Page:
Zebra mussels line the shoreline of Lake Michigan.
Photo: Wikimedia Commons

Joseph Resnick aspires to solve a problem that has plagued American ecological groups for three decades: He wants to eradicate the invasive quagga and zebra mussels from freshwater sources, from coast to coast. With microscopic extracts of cannabidiol (CBD), he may have the answer that thousands of people and billions of dollars have sought all along.

In December 2017, the U.S. Bureau of Reclamation launched a prize competition seeking environmentally sound solutions to those invasive species’ rapid proliferation, one of the great ecological problems of this century.

Since those species were first discovered in Great Lakes ballast water in the late 1980s, neither public nor private ingenuity has devised a solution to their alarming and food chain-disrupting existence. In 2007, a man found a quagga mussel in Lake Mead, 30 miles east of Las Vegas. The problem had clearly surpassed the bounds of the Great Lakes, and it’s only gotten worse. The Columbia River watershed, in the Pacific Northwest, is the last watershed known to be free of these mussels in the lower 48 states.

After a lone quagga mussel was found in Lake Mead in 2007, observers noted that the population had exploded into “the trillions” by 2009, according to the Associated Press. Each female, to be clear, has the ability to lay 30,000 eggs per breeding cycle. 

Zebra mussels clustered on a tree
iStock

A thriving population of these mussels will inevitably drain an ecosystem of its plankton, out-competing most fish species and causing a breakdown in the food chain. Because they stick to surfaces, like pipes or piers, the sheer mass of mussel colonies can also destroy public infrastructure.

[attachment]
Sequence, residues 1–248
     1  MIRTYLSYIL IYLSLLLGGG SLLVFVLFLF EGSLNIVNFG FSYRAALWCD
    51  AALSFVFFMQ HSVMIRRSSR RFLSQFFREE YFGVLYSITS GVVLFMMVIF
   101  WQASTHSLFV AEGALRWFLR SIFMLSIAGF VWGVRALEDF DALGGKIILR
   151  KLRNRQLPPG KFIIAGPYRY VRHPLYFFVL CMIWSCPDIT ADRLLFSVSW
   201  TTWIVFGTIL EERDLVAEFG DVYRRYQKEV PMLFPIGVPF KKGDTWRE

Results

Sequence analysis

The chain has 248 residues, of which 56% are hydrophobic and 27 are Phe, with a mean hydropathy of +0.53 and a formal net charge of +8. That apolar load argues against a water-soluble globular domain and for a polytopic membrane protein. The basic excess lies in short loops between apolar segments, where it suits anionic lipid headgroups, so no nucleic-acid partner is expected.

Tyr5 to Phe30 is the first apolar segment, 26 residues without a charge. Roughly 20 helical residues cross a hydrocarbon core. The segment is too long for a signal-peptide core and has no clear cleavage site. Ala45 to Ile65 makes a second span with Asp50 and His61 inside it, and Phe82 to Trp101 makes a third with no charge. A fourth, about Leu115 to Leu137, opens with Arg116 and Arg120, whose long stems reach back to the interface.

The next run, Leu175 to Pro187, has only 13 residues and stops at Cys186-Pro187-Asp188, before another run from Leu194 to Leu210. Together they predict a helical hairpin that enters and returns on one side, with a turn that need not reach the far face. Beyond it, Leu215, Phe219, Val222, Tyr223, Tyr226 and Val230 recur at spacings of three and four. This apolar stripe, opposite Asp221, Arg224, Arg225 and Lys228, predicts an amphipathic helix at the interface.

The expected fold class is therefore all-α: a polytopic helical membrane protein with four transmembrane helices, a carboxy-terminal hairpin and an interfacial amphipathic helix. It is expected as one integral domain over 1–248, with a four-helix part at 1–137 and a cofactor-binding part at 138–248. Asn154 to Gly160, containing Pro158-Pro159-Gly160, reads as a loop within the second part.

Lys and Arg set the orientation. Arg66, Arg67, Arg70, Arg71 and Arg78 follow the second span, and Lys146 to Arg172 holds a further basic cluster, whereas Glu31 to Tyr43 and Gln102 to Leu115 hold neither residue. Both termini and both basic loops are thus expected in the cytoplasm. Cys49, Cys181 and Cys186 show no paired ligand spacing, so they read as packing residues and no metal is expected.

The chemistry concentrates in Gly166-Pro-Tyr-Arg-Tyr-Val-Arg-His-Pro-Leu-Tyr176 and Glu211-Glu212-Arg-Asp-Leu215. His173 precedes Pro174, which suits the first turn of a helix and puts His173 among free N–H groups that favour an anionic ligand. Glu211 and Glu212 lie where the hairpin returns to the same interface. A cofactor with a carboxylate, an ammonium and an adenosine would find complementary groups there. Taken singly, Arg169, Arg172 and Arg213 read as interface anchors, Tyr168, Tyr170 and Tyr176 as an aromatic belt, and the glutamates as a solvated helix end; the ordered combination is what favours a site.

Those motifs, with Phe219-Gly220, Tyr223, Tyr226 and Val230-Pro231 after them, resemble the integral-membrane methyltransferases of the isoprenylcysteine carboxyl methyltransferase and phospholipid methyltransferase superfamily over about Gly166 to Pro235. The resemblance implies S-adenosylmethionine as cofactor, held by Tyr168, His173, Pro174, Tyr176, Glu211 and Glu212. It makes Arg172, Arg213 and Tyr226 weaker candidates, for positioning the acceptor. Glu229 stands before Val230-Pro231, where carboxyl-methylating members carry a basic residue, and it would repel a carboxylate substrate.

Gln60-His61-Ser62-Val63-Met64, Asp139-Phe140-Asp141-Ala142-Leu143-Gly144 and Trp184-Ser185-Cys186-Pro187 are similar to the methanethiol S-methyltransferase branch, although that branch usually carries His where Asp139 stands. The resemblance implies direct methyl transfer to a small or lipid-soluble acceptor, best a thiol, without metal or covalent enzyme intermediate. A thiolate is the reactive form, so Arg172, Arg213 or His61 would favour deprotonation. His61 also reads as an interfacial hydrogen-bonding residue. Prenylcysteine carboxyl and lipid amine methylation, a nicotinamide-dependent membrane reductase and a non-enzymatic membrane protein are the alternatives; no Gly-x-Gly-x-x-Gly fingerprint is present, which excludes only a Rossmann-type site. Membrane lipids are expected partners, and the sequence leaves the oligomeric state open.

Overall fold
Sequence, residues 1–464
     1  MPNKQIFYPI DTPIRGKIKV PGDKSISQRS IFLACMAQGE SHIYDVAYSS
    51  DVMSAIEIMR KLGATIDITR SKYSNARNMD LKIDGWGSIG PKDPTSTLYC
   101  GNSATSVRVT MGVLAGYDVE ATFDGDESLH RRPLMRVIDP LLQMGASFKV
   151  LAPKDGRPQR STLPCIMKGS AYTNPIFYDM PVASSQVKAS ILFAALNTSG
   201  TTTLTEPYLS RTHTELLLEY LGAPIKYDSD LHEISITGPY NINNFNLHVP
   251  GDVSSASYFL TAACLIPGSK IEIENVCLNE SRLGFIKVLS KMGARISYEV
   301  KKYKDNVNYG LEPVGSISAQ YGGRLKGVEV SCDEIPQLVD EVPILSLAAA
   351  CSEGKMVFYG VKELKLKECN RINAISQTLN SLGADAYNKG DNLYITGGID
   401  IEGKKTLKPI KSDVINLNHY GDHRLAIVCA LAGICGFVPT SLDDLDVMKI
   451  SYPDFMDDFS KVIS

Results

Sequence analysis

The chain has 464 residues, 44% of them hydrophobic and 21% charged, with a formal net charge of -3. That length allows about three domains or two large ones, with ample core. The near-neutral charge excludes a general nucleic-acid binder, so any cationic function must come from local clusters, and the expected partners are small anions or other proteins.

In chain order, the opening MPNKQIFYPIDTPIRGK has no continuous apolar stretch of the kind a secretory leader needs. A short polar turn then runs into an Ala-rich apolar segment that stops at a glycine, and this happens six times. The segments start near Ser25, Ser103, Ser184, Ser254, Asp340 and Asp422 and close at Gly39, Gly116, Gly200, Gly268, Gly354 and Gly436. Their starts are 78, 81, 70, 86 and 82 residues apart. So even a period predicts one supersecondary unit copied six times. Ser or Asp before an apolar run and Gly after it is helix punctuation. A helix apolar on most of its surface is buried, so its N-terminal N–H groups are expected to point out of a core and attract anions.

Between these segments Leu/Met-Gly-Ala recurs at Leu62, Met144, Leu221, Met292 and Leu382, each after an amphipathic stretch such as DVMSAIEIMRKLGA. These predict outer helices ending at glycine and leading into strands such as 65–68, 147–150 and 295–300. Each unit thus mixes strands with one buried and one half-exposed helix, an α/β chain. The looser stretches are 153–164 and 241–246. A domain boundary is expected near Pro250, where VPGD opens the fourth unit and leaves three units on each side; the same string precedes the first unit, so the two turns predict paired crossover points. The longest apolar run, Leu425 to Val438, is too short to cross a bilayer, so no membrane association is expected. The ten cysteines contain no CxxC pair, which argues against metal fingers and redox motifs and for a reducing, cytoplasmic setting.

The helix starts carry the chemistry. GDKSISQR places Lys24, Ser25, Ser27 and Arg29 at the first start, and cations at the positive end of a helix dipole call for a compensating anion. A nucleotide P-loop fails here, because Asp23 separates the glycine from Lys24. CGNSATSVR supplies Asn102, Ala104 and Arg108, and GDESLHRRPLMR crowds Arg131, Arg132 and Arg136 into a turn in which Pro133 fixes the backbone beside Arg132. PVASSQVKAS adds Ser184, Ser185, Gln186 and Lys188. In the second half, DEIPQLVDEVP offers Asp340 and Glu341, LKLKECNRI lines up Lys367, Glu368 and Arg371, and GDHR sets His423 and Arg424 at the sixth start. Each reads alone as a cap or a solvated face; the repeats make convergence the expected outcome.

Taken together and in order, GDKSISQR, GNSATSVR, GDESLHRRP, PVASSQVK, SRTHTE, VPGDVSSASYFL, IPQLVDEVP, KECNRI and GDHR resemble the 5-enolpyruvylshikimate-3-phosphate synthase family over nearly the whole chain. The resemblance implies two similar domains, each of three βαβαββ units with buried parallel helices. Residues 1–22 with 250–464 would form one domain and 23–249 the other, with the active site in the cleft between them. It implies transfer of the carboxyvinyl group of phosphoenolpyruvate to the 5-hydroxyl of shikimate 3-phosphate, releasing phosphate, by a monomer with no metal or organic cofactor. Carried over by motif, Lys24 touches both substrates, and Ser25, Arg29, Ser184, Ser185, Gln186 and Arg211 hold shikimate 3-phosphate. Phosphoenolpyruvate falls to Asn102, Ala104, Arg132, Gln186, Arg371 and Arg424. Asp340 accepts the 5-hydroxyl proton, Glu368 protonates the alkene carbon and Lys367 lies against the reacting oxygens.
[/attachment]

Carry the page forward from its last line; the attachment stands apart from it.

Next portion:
The federal government needs a solution as quickly as possible.

Since quagga and zebra mussels were first discovered in Great Lakes ballast water in the late 1980s, neither public nor private ingenuity has devised a solution to their alarming and food chain-disrupting existence.

“I’ve been involved for the last couple years here in developing new uses and processes for cannabis,” Resnick says. “I became interested in using cannabidiol as a method of treating this invasion of quagga mussels and zebra mussels that has actually plagued the United States for the last 30 years.”

As the emeritus chief scientist of RMANNCO, a North Carolina-based research firm, he’s leading the innovative delivery system behind this CBD project. If his plan works, the U.S. government may find that CBD — a Schedule-I banned substance, in its eyes — can solve the problem of quagga and zebra mussel reproduction, a multi-billion-dollar fiasco for American businesses and communities.

A beach full of zebra mussel shells
Adobestock

With a full career of innovative technology under his belt — covering the depths of nano-particulate matter to the final frontier of outer space at NASA — Resnick plans to encapsulate powdered cannabinoids in “microspheres,” made of a natural biopolymer, and transport the chemicals directly to the mussels. “It’s the damnedest thing you’ve ever seen,” he says.

The biopolymer itself is 1.8 times heavier than water, and Resnick also fills his microspheres with sulfur hexafluoride, which is six times heavier than air. Those density measures are important: This is how Resnick gets his cannabis product to the mussels.

“Consequently, [the microsphere] does not float. It sinks in water,” he says. “Imagine if you will a BB. Imagine taking a handful of BBs and dropping them in the water.”

Eric is the digital editor of sister publications Cannabis Business Times and Cannabis Dispensary. esandy@gie.net